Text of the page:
The "Combating Illegal Gambling Reform and Modernization Act" cleared the House Judiciary Committee June 18 after removal of provisions that permit states to legalize interstate wagering and the horseracing industry to continue business legal under the Interstate Horseracing Act.
The vote, a tight 15-12, suggests deep division on the issue. The legislation now goes to the full House along with the "Unlawful Internet Gambling Prohibition Act," which would prohibit use of credit to make Internet wagers. That bill was approved by the House Financial Services Committee earlier this year.
The House Rules Committee will consider both bills and decide on a procedure for a House vote when House leadership gives the go-ahead.
"Today's vote was obviously an anti-gambling vote," American Horse Council president Jay Hickey said in a prepared statement. "A substantial number of the committee members did not want to allow states the opportunity to continue to legalize interstate account wagering for other forms of wagering, such as casinos, lotteries, Native American gaming, dog racing, and charitable gaming.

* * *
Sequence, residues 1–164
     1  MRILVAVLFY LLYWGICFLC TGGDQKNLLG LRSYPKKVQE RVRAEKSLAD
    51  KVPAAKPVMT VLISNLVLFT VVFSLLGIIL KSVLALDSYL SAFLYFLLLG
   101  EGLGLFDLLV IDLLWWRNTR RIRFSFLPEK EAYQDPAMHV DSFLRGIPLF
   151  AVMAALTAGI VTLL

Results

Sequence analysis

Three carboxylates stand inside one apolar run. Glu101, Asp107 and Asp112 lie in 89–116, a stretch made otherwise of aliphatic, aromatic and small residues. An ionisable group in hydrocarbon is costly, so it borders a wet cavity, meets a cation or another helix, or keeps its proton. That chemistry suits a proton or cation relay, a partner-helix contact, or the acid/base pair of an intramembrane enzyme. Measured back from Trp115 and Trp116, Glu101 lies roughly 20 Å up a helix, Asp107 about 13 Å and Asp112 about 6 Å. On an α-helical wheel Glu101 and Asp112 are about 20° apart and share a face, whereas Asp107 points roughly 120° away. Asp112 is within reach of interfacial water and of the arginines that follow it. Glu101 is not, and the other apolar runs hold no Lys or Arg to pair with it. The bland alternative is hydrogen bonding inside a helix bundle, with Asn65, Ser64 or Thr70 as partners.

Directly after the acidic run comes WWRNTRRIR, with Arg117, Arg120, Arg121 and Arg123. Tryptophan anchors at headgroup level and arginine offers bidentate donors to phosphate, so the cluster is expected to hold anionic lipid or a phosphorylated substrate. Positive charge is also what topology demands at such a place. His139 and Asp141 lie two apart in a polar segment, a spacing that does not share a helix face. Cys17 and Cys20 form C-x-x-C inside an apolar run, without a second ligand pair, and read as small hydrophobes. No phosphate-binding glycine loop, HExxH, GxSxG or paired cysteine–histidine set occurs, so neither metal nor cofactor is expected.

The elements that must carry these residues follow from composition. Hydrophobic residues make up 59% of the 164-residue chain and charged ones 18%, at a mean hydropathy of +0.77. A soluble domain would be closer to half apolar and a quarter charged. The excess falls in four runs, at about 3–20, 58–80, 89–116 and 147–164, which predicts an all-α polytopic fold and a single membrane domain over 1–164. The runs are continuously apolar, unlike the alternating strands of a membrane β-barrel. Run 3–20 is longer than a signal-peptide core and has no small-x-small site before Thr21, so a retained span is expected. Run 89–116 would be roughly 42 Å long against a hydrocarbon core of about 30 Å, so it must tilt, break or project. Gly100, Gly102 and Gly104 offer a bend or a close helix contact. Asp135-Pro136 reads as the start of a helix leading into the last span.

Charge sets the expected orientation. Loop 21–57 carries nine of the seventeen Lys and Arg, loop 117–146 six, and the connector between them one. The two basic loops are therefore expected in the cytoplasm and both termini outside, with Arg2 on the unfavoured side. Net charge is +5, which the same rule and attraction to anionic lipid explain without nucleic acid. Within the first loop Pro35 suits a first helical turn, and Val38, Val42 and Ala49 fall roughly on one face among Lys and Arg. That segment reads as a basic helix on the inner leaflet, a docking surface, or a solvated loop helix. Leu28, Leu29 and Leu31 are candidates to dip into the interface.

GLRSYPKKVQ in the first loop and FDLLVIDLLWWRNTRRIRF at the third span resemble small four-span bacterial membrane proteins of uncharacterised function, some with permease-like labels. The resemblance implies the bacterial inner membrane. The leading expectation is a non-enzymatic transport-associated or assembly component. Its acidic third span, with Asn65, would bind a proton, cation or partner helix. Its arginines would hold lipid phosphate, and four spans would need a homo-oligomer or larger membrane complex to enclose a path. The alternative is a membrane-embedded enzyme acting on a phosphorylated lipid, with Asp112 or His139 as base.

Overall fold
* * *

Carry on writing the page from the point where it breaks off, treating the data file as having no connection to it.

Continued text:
"The horse industry supported this bill with the provision allowing the industry to continue interstate account wagering activities under the Interstate Horseracing Act. I would expect that the industry will have to consider its position now that that language is no longer in the bill."
The legislation as introduced by Rep. Bob Goodlatte of Virginia prohibited most forms of Internet betting but allowed for intrastate wagering legalized by states, wagering on Native American land, and pari-mutuel wagering covered by the Interstate Horseracing Act. A Goodlatte substitute bill would have allowed states to legalize interstate wagering on the Internet.
After the substitute surfaced, Rep. Chris Cannon of Utah, a state with no legal gambling, proposed an amendment that eliminated states' authority as well as the horseracing provision. The Cannon amendment passed the committee by a few votes.
Goodlatte said the federal government must respect states' rights and other federal law, such as the Interstate Horseracing Act.
Other amendments -- one that would have made it a crime to wager on the Internet, and another that would have permitted charitable organizations to offer Internet betting -- failed to get the committee's approval.